I'm interested in kenpo

Discussion in 'Kenpo' started by GojuKJoe, Jul 23, 2004.

  1. GojuKJoe

    GojuKJoe Valued Member

    hey, i'm kind of interested in kenpo, it's something i would eventually like to try, although not for a while yet. I currently train in goju ryu karate, how different or similar is kenpo to that?
  2. S.Mac

    S.Mac New Member

    I'm afraid I don't know anything about goju ryu, so I don't know how similar it is to kenpo. I do know, however, that kenpo is a broad and diverse art. Depending on what kenpo system you practice (shorinji, american, etc.) or even what school you attend can mean big differences in what you are being taught.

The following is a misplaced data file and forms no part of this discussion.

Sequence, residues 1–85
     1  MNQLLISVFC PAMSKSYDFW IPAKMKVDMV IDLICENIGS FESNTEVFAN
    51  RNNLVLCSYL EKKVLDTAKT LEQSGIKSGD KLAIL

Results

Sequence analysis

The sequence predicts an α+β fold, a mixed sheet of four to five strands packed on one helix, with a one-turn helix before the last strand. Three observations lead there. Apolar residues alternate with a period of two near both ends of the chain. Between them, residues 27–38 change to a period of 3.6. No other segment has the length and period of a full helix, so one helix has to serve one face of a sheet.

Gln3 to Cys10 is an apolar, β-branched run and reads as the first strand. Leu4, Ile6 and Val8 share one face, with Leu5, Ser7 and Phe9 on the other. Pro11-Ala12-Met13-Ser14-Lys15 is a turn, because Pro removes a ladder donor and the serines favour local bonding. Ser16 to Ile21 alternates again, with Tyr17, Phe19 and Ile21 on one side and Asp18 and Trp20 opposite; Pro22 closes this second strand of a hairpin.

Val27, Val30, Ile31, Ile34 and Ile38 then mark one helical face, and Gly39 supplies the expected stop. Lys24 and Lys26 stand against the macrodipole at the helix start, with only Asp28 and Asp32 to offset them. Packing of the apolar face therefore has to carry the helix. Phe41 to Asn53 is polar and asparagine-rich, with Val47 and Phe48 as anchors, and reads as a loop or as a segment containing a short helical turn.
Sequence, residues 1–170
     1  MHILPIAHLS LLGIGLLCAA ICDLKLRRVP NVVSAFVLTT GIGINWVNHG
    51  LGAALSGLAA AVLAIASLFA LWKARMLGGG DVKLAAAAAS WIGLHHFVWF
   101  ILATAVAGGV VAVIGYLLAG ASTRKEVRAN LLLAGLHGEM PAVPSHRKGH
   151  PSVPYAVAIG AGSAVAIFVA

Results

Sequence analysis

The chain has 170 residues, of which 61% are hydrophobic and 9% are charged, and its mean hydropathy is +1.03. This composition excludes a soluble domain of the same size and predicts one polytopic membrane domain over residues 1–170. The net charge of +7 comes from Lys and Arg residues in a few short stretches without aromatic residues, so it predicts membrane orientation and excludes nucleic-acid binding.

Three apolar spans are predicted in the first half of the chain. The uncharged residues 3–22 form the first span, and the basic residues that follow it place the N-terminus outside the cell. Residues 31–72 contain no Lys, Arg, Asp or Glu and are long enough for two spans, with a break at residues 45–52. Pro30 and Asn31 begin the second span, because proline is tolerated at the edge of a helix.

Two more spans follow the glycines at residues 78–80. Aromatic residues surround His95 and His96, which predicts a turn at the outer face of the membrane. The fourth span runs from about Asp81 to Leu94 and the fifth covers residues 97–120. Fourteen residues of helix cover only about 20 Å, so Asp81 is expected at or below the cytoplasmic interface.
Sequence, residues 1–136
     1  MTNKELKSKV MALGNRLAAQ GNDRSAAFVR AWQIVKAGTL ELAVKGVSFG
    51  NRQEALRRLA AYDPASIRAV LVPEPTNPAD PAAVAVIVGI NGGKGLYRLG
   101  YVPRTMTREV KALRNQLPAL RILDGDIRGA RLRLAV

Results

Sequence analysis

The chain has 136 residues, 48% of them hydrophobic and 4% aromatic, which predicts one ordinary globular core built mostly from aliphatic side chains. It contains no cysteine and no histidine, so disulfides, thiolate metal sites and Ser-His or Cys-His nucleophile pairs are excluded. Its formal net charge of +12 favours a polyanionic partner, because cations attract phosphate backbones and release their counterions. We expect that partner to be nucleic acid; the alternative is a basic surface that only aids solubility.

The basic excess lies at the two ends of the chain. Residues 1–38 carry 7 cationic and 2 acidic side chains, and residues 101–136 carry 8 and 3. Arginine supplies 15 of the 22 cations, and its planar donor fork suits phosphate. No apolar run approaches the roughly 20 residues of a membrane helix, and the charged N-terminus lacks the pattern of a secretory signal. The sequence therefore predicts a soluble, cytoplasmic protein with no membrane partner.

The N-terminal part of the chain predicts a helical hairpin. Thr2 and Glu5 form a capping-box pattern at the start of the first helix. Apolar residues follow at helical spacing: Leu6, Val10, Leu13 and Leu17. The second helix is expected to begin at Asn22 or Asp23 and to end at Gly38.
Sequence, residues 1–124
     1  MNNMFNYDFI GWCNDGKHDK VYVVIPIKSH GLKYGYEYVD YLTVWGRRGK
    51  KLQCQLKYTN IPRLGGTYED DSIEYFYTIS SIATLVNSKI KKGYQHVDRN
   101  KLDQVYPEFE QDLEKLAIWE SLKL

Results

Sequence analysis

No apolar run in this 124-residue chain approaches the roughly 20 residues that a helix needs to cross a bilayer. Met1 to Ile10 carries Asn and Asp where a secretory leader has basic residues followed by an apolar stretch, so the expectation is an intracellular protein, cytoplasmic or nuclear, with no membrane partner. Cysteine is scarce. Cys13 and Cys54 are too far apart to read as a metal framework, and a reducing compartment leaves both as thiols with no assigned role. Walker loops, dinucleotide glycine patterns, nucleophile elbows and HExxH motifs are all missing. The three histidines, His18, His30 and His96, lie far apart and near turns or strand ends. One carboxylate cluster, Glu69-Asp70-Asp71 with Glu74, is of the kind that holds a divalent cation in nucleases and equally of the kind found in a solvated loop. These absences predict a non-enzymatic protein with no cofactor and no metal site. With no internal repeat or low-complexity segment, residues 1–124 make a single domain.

3. Shou Tu

    Shou Tu New Member

    the aspects of stances and such are similiar. it would probably be a better art for you to learn, since no matter where you go in the states or overseas someone somewhere teaches Kenpo.
  4. Omicron

    Omicron is around.

    I'm not all that familiar with goju ryu either, but I can give you some basic aspects of shorinji kempo, and you can compare the two for yourself.

    Shorinji kempo teaches both hard (striking) and soft (throwing/joint locking) techniques. I have also been told that there is some bo work in the curriculum, but I have never been taught any, and I'm not sure how common it is outside of Japan. There is a spiritual aspect involved as well, though in most dojos outside Japan it is limited to a short meditation at the beginning of every class to clear your mind and prepare yourself for the lessons that follow.